I started writing with pen and paper again this year. I bought a nice notebook and a new pack of V5s, the only pen you’ll ever need. I wanted to give myself a space for slow, thoughtful reflection to find some clarity of self and ideology. I wrote almost every day for the first few months of the year, but I eventually fell off the wagon and it’s been sporadic since late April. This is a regular occurence in my hobbies. Even when creating in complete privacy, I get overly critical of myself and become paralyzed at the thought of continuing due to feelings of inadequacy. I feel useless or trite any time I start writing and like I’m not making any valuable point to myself or anyone else by continuing. I even feel like that right this instant! And that feeling is its own topic for another day. From this paralysis, though, I recently found one small piece of reprieve: a legal pad.
The one with the black bar at the top gluing all its pages together and yellow, legal-ruled paper with the double red line on the left. I grabbed it randomly on my way to a meeting one day at work because I couldn’t find my usual notebook and knew I would need to jot some things down. The clarifying moment came when I noticed how casual I was about my scribbling throughout the meeting. Using a notebook, I’ve often assigned some invisible importance to what gets written down in there, but the legal pad felt closer to scrap paper for stray and meandering thoughts. I wrote more in that meeting than I had in several months. Sure, not all of it was perfectly jotted down and maybe won’t be referenced again, but I definitely felt like I was more present and that I took more from the meeting because of it.
When I went to think about writing for myself again, I realized that my “nice notebook” and favorite pen may be making me overly ritualize what needs to feel more casual, so I picked up another legal pad and started writing there this time and I instantly felt more at ease with myself. I was able to quickly fill up several pages with random thoughts and ideas I was considering and swapped between them as I saw fit. I never felt overwhelmed by the idea of needing to follow-through and stay on topic or write War & Peace in one draft. I scratched things out, wrote in the margins, left myself notes, crossed things out, and rearranged whenever I wanted. It made writing more personal and less stressful than it had been in a long time, and I think the casual, “scratch pad” framing of the legal pad helped me reach that point.
I almost exclusively listen to music in album format, but every now and then a real earworm climbs into my brain and I can’t help but turn on repeat. This column is a list of some of those songs for me right now. Here’s the playlist.
Christine and the Queens - “Tilted” | YouTube
“Tilted”’s delicate vocals and soft synths with a subdued, bouncy beat backing it make this embrace-your-weirdness anthem a perfect candidate for dancing alone to in front of your mirror with just your socks on during a peaceful summer afternoon. It’s a song of quiet confidence where it’s okay to be an oddball wrapped up in a set of hooks that I couldn’t get out of my brain for weeks. I’m pretty certain I listened to this song 20 times in a row one day.
Now, Now - “SGL” | YouTube
Where the appeal of Threads is its brooding, synthy pop-punk riffs and KC Dalager’s breathy voice getting swallowed up by huge drums and synth layers, “SGL” and its follow-up singles have turned Now, Now into a pop powerhouse. The song tangles up its foundational acoustic guitar riff in buzzy synth leads during the verses and leans on a stripped, swelling pre-chorus between them dangling a refrain like a carrot on a stick before twisting itself right back into the second verse. It makes for a fun take on pop structures and keeps the song’s tension high for when the refrain does arrive just over halfway through its playtime. Paired with the hookiness of nearly every melody, it makes for a song worth back-to-back listens each time I turn it on.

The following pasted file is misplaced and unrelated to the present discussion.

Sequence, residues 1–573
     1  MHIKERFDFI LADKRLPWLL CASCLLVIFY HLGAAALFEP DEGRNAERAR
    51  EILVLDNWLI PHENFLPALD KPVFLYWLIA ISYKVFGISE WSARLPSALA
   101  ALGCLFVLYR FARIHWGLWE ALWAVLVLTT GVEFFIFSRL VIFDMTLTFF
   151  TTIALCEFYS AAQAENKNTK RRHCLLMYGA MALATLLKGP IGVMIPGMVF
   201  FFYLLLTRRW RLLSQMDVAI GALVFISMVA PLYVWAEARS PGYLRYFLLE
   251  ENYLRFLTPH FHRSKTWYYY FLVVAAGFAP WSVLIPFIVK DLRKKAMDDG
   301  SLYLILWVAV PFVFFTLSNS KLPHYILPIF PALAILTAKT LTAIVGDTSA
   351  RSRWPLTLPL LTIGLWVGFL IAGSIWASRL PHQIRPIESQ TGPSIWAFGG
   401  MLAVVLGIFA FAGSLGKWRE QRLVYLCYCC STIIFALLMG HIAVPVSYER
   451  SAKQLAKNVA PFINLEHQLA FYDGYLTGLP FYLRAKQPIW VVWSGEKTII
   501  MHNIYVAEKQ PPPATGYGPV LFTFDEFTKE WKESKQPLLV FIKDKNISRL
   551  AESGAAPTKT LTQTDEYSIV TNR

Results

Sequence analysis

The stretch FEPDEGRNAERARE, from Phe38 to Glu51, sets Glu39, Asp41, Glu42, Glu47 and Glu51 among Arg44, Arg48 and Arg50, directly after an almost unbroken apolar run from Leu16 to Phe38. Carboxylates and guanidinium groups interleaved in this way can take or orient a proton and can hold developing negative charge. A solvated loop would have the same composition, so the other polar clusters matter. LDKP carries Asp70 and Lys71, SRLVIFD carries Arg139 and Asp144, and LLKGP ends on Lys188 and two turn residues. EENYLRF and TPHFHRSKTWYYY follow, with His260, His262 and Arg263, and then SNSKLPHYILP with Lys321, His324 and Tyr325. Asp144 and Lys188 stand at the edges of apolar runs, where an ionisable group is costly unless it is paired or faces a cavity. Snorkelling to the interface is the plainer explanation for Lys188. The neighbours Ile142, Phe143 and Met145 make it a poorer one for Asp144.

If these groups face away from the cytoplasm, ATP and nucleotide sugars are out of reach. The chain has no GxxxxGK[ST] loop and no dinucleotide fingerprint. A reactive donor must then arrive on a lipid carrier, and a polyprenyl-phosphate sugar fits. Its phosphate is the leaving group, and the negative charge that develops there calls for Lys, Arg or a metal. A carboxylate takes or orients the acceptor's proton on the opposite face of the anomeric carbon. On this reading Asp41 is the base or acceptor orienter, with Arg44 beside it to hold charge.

Pale Waves - “Television Romance” | YouTube
Pale Waves’ strength lies in their relationship with subversion. It’s an easy sell to compare them to label mates and musical mentors The 1975, but Pales Waves are special because of how their goth-pop aesthetic melds with poppy, ’80s-inspired riffs and slurred hooks about being sad at parties and disinterested in suitors. They’re making a depressive dance party that doesn’t lose itself in a sense of irony or nostalgia, but instead crafts a modern emotional space to work through things not always working out.
Arcade High - “Phone Lines” | Bandcamp
Synthwave is all about overindulgence in the ’80s revival on all fronts. Massive snare/kick beat, video game bleeps and bloops, and neon retro-futuristic covers. It’s 0-60 on sensory overload at every turn. “Phone Lines” takes all of those tropes and turns it into a thumping pop tune that finds its footing in its repetitious structure. The main groove cycles through a refrain that’s only interrupted by several 8(and one 12)-bar patterns of synth leads before closing out with a double refrain where the second drops the beat to let it wash away in a sea of synths. The simplicity lets the song dig its teeth in and rewards repeated listens.
Oneohtrix Point Never - “Sticky Drama” | YouTube
Not exactly an earworm in the same way most of my other picks are, but “Sticky Drama” has ended up on repeat a lot for me because of its glitchy whiplash, angular synth work, and heavily warped vocals. The song finds its way from arpeggiated keys to a screeching breakdown and back around again without losing the thread along the way. If you find a sense of Zen in chaos, “Sticky Drama” is the song for you.